On Aug. 20, police arrested voice actress Shizuka Suzuike at her home in Suginami Ward, Tokyo, on suspicion of causing injuries that led to the death of 3-year-old Miyuki Watanabe in August 2010. At the time of her death, Miyuki had been in Suzuike’s foster care for almost a year. The suspect denies abusing the girl, claiming she fell down a flight of stairs. After a long investigation the police decided that Miyuki’s extensive injuries could not be explained by a fall.

Stories about the tragic deaths of children engender two types of media response. The mainstream press offers up the bare facts, while the weeklies, tabloids and morning TV news shows go deep in order to exploit any residual melodrama. According to the tabloid narrative, mostly speculative, Suzuike was a successful working mother who wanted to contribute something to society, and so she became a foster parent. But she wasn’t prepared for the special challenges of a child who was raised in an institution, and eventually she snapped.

This story presumes the suspect’s guilt, and the weeklies and morning news shows filled out their coverage with incidental information that would support this view: Interviews with neighbors who found Suzuike’s explanation inadequate; excerpts from her blog in which she refers to Miyuki not by name but as satogo (foster child) and decides that the girl has a “dark side”; her busy professional life and sideline pursuit of a doctorate in economics. These elements form a picture of a woman who thought she could do everything.

Schadenfreude is an integral component of tabloid journalism, but even the most cynical reporters must have realized that Miyuki’s death demanded a broader exploration. The producers of Fuji TV’s morning show “Toku Da Ne” managed to tie its report to the larger issue of foster care in Japan, and with each layer of analysis, the matter became not only more complex, but also more resilient to the kind of reductive thinking that characterizes tabloid journalism. “Toku Da Ne” isn’t equipped to explain the matrix of social and clinical factors that formed the backdrop to Miyuki’s death, but its effort to do so was illuminating in its own way.

When such issues are covered in the mainstream press, blame is usually directed at institutions, in this case the child welfare system. A representative of a nonprofit group wrote a letter to the Tokyo Shimbun pointing out that the real problem revealed by the tragedy is that foster parents aren’t properly made to understand their role. Taking care of a foster child “is much more difficult than anyone can imagine,” but admitting as much appears to be the same as admitting it can’t be done. Foster parents are afraid to report their difficulties to the child welfare offices that facilitate foster family transactions, because that don’t want to be seen as failures. Social workers are required to visit foster homes regularly and monitor cases, but if the foster parent is reluctant to reveal problems, there is little the social worker can do.

Suzuike’s frustration was not communicated to her social worker but to her blog, where she fretted over Miyuki’s habit of putting on a “zombie face.” Such behavior is not unusual, according to an article in the Asahi Shimbun. A common trait of children brought up in institutions, even when they’re only two years old, is tameshi kōdō, the constant “checking” of adult responses. The idea is to test the assigned guardian to see how far he or she is willing to go to accept the child. This testing often manifests itself as extreme behavior — selfishness, tantrums, talking loudly. In worst cases, it leads to infantilism, such as defecating on the floor or wetting the bed. Experts always say that potential foster parents must be made aware of these likely developments before they take children into their homes.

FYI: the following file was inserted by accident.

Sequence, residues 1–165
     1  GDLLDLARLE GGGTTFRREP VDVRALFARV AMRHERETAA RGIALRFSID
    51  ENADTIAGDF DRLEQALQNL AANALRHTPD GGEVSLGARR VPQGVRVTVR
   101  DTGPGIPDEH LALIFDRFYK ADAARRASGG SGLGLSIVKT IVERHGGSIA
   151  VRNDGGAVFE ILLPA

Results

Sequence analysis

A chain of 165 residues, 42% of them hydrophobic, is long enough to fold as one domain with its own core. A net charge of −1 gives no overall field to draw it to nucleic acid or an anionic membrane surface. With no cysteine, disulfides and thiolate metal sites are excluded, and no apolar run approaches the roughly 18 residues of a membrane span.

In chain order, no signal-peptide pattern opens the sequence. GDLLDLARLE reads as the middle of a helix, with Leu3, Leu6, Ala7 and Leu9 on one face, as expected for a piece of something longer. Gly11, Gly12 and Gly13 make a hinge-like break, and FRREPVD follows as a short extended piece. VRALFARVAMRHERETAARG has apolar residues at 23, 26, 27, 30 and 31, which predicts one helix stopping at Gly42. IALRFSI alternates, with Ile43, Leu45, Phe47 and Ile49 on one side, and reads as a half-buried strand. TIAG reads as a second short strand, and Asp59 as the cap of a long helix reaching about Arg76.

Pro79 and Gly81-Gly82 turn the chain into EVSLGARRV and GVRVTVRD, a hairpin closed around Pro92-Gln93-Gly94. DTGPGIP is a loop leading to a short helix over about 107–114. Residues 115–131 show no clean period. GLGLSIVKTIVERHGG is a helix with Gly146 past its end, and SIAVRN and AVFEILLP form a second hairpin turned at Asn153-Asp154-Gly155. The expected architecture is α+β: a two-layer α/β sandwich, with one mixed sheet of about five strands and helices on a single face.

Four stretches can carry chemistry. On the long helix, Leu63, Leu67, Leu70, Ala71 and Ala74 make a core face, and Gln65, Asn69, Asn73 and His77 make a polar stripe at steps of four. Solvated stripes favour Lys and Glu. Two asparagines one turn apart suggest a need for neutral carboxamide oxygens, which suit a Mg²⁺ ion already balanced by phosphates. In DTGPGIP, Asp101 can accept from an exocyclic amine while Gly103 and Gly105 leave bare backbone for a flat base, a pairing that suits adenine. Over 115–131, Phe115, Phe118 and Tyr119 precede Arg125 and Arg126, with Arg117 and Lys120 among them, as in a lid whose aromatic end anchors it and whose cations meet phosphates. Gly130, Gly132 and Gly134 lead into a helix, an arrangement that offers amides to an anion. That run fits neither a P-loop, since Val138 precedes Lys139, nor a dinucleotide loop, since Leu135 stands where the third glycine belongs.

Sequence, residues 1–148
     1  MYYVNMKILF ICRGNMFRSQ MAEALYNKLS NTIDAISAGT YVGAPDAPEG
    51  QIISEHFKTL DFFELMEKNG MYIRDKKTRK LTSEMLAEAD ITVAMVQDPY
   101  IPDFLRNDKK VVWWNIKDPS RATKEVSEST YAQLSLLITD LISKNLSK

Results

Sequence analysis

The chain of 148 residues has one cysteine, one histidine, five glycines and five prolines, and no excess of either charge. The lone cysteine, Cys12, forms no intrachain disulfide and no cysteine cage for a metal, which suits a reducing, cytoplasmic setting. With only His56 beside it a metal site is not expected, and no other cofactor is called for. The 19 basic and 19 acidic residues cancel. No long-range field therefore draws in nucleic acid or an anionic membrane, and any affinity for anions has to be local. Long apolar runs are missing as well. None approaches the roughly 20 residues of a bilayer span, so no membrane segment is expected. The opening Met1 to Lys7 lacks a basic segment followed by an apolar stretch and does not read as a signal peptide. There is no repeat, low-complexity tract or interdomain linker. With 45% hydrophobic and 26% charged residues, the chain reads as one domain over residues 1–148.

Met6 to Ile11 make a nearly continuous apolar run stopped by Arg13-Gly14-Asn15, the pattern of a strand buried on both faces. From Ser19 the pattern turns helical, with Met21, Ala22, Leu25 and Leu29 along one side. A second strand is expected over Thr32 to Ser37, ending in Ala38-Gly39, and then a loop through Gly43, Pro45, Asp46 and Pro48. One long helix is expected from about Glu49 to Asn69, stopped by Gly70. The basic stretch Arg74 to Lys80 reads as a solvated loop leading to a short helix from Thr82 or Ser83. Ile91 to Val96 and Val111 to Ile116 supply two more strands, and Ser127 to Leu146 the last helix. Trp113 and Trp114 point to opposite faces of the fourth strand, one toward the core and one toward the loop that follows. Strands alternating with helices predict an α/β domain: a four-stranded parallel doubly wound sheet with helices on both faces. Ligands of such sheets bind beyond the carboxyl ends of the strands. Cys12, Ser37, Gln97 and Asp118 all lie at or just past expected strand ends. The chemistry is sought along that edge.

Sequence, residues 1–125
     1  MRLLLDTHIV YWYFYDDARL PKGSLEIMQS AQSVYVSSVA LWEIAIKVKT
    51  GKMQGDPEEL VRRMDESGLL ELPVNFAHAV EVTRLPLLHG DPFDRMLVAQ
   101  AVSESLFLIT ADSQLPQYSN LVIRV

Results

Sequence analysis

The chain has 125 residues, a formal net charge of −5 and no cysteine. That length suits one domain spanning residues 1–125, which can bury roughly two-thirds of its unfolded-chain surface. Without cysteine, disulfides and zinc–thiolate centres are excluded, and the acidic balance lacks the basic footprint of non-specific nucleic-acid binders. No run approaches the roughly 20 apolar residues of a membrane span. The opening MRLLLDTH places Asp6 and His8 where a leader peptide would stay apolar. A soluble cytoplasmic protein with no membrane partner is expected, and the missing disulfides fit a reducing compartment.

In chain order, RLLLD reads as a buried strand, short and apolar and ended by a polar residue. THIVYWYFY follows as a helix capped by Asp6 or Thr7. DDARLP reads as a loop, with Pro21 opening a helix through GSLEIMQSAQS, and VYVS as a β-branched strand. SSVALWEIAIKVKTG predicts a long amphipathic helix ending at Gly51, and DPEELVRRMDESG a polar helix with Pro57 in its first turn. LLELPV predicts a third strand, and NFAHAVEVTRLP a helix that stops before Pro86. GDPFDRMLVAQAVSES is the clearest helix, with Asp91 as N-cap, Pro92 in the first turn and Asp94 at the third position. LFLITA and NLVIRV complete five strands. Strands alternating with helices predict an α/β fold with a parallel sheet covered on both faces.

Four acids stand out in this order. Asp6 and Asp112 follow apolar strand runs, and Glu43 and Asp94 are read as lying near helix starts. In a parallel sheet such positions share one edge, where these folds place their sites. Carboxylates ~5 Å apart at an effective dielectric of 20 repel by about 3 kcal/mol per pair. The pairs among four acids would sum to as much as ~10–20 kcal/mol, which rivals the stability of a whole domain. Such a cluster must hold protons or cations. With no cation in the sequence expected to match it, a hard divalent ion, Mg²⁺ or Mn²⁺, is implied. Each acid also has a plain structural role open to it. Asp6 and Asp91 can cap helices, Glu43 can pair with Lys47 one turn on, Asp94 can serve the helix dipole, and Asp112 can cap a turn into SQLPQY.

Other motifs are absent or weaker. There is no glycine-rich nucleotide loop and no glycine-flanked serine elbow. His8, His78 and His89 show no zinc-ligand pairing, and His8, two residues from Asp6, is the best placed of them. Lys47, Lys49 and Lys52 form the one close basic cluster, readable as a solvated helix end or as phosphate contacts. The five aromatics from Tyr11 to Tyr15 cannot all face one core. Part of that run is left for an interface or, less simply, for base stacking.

Receiving qualification to be a foster parent is time-consuming but relatively easy, likely owing to the fact that the number of children in welfare facilities is increasing. Applicants must undergo classroom instruction and practical training, and then visit regularly with a foster child for up to three months before that child moves in. During this period, there are many opportunities to make the guardian understand what he or she is getting into, but according to one specialist interviewed in the weekly Aera, foster parents rarely absorb this intelligence because many have already raised their own children. Taking care of a foster child demands an entirely different mindset. Experts agree that foster parents should be considered professional care givers, not “parents.” It’s why they receive up to ¥130,000 a month from local governments, an aspect of the process that, in the popular imagination at least, renders foster care a mercenary endeavor. But money clarifies the relationship.

On “Toku Da Ne,” one commentator, the fashion critic Piko, conjectured that Suzuike may have been affected by news stories about “Hollywood celebrities” who adopt disadvantaged children. Adoption is the acceptance of a child completely into the guardian’s life. Foster care is stewardship, and while the relationship could turn into one that is loving and lifelong, the premise is that the arrangement is temporary. These two modes of responsibility require unique sets of emotional preparation, but in Japan, where adopting children in the Western sense is extremely rare and cloaked in morbid secrecy, the distinction is blurred. Legally and psychologically it is hard for many Japanese people to raise children not related to them by blood, because socially it is still considered strange. It’s why children who are alone, whether because their parents are dead or because they’ve been removed from their parents’ care, are the objects of pity and fear and always will be as long as the media, mainstream or tabloid, only covers their situation as it pertains to a tragedy.

Philip Brasor blogs at philipbrasor.com.